Infection results in immunity to (protection against) the specific virus that caused HFMD. A second case of HFMD may occur following infection with a different member of the enterovirus group.
Diagnosis
HFMD is one of many infections that result in mouth sores. However, health care providers can usually tell the difference between HFMD and other causes of mouth sores by considering the patient’s age, the symptoms reported by the patient or parent, and the appearance of the rash and sores.
Samples from the throat or stool may be sent to a laboratory to test for virus and to find out which enterovirus caused the illness. However, it can take 2–4 weeks to obtain test results, so health care providers usually do not order tests.
Treatment and Medical Management
There is no specific treatment for HFMD.
Symptoms can be treated to provide relief from pain from mouth sores and from fever and aches:
Fever can be treated with antipyretics (drugs that reduce fevers).
Pain can be treated with acetaminophen, ibuprofen, or other over-the-counter pain relievers.
Mouthwashes or sprays that numb pain can be used to lessen mouth pain.
Fluid intake should be enough to prevent dehydration (lack of body fluids). If moderate-to-severe dehydration develops, it can be treated medically by giving fluids through the veins.
Prevention
A specific preventive for HFMD is not available, but the risk of infection can be lowered by following good hygiene practices.
Good hygiene practices that can lower the risk of infection include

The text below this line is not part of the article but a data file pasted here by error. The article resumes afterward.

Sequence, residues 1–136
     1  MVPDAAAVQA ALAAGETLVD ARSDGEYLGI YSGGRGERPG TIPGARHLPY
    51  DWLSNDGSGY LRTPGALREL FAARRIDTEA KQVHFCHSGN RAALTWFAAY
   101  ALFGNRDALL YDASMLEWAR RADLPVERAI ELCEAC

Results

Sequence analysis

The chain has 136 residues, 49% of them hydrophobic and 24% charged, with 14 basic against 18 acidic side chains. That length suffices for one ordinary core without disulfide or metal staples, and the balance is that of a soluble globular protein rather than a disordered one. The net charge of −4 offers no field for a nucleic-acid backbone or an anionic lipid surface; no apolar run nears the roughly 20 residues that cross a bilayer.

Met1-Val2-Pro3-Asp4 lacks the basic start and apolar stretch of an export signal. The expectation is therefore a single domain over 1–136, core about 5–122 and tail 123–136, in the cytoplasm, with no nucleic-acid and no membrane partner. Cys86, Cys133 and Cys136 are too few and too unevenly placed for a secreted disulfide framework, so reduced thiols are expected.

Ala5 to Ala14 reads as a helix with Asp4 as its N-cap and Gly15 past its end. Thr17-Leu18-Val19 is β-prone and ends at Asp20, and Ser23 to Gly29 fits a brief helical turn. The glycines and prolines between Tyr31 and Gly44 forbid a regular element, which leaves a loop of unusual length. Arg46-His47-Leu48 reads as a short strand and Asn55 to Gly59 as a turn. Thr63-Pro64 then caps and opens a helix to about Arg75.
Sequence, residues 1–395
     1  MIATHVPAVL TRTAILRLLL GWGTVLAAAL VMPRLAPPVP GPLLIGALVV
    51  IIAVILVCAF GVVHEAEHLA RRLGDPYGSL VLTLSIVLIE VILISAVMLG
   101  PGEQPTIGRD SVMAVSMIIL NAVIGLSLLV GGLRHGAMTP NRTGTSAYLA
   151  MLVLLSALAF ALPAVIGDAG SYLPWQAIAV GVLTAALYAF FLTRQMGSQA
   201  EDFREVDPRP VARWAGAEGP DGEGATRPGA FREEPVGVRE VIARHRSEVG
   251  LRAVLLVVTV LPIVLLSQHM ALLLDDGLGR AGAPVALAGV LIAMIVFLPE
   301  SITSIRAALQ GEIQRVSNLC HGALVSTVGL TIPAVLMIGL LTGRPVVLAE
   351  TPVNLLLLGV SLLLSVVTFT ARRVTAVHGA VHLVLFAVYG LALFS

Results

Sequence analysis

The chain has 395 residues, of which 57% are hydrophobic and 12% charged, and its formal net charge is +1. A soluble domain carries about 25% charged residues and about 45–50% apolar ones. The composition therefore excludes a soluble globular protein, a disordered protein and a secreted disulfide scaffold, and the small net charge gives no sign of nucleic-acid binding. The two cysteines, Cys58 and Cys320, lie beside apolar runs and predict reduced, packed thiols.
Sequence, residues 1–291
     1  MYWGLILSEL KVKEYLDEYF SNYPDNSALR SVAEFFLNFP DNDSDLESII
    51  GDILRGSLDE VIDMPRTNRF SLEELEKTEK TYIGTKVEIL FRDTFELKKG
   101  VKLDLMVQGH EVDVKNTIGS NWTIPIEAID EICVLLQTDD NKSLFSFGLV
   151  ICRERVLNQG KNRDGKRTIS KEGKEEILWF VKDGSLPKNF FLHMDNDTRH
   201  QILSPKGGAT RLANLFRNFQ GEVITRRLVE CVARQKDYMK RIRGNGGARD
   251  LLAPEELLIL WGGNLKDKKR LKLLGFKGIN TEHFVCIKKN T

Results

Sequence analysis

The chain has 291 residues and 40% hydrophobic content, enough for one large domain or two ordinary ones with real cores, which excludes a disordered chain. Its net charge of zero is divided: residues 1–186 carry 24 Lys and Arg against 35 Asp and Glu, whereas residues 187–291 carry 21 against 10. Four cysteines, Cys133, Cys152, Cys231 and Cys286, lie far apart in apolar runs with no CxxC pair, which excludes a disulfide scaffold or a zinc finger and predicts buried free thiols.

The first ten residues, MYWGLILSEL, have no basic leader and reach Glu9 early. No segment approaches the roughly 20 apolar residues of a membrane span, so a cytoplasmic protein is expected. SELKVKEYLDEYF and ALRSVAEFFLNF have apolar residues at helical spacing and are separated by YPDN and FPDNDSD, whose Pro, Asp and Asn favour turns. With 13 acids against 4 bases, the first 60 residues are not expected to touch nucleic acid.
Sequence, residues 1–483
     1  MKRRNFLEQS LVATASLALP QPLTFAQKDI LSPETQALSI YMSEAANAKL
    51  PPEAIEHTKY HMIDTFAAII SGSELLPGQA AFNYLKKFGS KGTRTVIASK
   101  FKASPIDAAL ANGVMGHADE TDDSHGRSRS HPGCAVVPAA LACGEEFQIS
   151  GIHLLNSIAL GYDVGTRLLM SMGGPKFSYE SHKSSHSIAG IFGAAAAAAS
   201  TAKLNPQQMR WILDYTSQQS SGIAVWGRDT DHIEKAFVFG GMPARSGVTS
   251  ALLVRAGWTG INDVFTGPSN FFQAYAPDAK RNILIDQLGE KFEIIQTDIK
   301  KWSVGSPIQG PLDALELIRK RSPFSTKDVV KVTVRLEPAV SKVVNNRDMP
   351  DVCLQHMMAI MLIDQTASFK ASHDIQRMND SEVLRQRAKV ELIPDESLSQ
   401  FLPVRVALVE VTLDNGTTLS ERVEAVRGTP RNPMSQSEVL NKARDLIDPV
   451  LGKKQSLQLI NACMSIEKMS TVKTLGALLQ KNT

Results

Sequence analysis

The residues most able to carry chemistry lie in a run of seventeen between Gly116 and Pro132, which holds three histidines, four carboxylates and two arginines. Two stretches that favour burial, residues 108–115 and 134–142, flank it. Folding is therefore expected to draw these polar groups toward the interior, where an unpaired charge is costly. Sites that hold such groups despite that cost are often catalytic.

Washing hands frequently and correctly (see Clean Hands Save Lives! ) and especially after changing diapers and after using the toilet
Cleaning dirty surfaces and soiled items, including toys, first with soap and water and then disinfecting them by cleansing with a solution of chlorine bleach (made by adding 1 tablespoon of bleach to 4 cups of water)
Avoiding close contact (kissing, hugging, sharing eating utensils or cups, etc.) with persons with HFMD
Vaccination Recommendations
No vaccine is available to protect against the enteroviruses that cause HFMD.
Complications
Complications from the virus infections that cause HFMD are not common, but if they do occur, medical care should be sought.
Viral or “aseptic” meningitis can rarely occur with HFMD. Viral meningitis causes fever, headache, stiff neck, or back pain. The condition is usually mild and clears without treatment; however, some patients may need to be hospitalized for a short time.
Other more serious diseases, such as encephalitis (swelling of the brain) or a polio-like paralysis, result even more rarely. Encephalitis can be fatal.
Trends and Statistics
Individual cases and outbreaks of HFMD occur worldwide. In temperate climates, cases occur more often in summer and early autumn.
Since 1997, outbreaks of HFMD caused by enterovirus 71 have been reported in Asia and Australia.
HFMD caused by coxsackievirus A16 infection is a mild disease. Nearly all patients recover in 7 to 10 days without medical treatment.
HFMD caused by enterovirus 71 has shown a higher incidence of neurologic (nervous system) involvement.
Fatal cases of encephalitis (swelling of the brain) caused by enterovirus 71 have occurred during outbreaks.